2. Love the idea of pivoting or repurposing … if the church can stay but figure out other uses for M-F. Although the other ginormous challenge is often the city permitting process … makes it easy for developers to buy out the church property because the city wants those with deep pockets to repurpose the land to commercial use for the tax revenue.

  3. What a wonderful discussion. I agree with everything you said. It is also sad to me that these churches close…hopefully it’s just a sign that religion has changed and is not gone. Society is trending away from organized religion as we know it. I am in hopes that some might reopen for “church” in a new form. But until then, I think the use of it for residences, art centers and schools is lovely! I am also open to restaurants, but not as much. I live in Virginia and we don’t see that happening as much here. When a church closes, another takes its’ place in the building.I guess we are in the bible belt.

    • There are a lot of churches in my state that operate in non-church buildings, perhaps it’s just too costly to construct a new church structure so they will find something else that serves their needs. These modern congregations don’t need steeples and stained glass, they’re fine gathering in more modest conditions.

  4. The show ‘Restoration Home’ in the UK followed a couple in their 20s who financed and renovated the listed church in St Thomas à Becket in Pensford. I was nervous for them and the renovation, but the husband single handedly renovated and converted the interior of the church into a home. It was done with such an appreciation and respect of the building, the community and its architecture!

  5. I am a huge fan of historic preservation. I LOVE the idea of taking any vacant building – church or otherwise – and repurposing it rather than letting it sit and rot into the ground or tearing it down to build new. I realize some buildings are beyond preserving, but I am grateful when I see those with the resources to do so, rescue an old building and put it to use. Hubster and I love historic architecture and would love to live and/or open a small business in such a place if we could ever make it happen.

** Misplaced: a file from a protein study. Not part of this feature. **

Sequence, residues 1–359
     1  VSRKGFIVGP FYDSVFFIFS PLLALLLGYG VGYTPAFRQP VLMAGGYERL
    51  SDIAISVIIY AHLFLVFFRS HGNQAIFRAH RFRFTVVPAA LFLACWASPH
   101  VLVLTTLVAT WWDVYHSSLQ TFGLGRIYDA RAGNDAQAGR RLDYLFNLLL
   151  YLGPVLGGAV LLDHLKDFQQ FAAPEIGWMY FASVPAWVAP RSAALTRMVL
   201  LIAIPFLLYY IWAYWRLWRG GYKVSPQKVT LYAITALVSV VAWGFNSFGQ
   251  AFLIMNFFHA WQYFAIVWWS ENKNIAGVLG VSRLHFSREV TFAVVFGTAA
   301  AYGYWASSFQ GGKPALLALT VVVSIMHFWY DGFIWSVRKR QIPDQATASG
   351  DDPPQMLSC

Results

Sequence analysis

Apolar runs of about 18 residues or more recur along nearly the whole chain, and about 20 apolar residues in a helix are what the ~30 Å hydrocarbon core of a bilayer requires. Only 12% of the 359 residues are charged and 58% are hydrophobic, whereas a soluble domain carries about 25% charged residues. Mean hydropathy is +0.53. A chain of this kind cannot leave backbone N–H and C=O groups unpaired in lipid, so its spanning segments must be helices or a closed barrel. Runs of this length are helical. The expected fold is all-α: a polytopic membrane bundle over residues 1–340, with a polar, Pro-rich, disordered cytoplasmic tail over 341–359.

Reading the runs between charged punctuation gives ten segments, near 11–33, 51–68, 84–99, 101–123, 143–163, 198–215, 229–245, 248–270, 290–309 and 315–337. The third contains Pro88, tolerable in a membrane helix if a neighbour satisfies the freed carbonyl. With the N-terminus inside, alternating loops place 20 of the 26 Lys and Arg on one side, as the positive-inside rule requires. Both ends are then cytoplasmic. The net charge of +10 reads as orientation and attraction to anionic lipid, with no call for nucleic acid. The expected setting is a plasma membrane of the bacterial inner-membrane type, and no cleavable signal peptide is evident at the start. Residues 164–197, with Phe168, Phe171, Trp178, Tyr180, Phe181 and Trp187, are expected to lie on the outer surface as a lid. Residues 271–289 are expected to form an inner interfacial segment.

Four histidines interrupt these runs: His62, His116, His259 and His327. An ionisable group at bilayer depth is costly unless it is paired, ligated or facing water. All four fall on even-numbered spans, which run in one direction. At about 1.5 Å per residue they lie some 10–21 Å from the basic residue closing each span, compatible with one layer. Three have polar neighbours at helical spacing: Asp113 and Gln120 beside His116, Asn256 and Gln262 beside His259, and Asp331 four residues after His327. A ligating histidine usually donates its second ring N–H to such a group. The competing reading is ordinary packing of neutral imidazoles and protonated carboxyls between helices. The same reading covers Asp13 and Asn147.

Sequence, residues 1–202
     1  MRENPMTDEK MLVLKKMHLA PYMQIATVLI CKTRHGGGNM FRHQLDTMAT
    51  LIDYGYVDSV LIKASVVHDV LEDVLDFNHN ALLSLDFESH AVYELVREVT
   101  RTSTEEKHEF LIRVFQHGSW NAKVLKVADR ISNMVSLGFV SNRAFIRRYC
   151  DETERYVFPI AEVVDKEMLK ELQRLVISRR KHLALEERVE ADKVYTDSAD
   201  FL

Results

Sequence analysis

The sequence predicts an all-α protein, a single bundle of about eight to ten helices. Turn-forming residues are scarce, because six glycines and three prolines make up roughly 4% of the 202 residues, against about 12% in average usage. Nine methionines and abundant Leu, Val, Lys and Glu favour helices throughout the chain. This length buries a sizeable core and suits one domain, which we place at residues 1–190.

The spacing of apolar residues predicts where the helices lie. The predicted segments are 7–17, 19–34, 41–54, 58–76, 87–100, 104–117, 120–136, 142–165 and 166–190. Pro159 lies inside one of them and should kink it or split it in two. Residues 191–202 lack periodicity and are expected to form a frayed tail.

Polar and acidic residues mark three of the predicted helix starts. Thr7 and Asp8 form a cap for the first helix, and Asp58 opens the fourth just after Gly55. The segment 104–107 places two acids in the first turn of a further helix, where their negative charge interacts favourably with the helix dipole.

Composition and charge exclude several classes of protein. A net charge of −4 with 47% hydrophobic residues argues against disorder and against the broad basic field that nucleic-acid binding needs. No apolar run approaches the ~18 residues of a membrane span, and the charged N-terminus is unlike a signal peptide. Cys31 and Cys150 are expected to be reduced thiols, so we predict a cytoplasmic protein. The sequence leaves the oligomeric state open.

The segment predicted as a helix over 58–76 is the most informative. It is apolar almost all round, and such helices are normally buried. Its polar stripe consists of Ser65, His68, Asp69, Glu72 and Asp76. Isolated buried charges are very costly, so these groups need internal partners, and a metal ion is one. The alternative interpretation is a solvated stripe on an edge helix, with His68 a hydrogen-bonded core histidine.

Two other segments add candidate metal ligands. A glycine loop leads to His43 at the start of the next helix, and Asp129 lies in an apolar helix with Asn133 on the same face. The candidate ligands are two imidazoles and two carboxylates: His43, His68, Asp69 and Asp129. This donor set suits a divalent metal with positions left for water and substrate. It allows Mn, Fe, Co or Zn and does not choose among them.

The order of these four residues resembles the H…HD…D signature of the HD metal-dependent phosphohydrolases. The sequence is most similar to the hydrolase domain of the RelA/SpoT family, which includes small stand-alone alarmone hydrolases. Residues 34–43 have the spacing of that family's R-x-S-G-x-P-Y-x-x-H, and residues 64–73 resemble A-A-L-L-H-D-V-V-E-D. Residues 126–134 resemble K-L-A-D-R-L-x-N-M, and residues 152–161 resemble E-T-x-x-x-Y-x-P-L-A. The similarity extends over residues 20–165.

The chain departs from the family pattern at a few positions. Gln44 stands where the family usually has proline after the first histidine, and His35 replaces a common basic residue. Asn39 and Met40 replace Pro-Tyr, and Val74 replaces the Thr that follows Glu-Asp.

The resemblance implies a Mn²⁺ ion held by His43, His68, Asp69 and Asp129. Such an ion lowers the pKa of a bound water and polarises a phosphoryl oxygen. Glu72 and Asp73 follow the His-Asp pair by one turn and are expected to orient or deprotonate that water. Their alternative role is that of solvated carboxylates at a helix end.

• Agreed! Wouldn’t it be fun to remodel an old building and breathe new life into it? I think about that a lot too.

  6. I also like the idea of re purposing a church rather than tearing it down. So often, they are beautiful, historic buildings. Near me, in the Midwest, it seems to be opposite. Churches are opening in non church buildings such as old movie theaters, gyms, and other places that have gone out of business.
    I am not religious, but I do enjoy seeing the beauty of the old churches and hate to see them torn down.

    • We see that too on the west coast, church congregations gathering in non-traditional church buildings.

  7. We live in a small city in Southern Oregon called Ashland. I just read that a vacant church in our outskirts will be dedicated to a warm shelter for the homeless! Great News as it’s already down to freezing here at night.

  8. Cool Ideas!! It is very important to preserve our spiritual heritage. We are also taking appropriate steps to care for him. It is very important for spiritual peace. What are we going to give to our children in inheritance? Thank you for sharing this information. keep it up. if you need to renovate a church or office, home. Check out the helpful detail about commercial furniture here!!!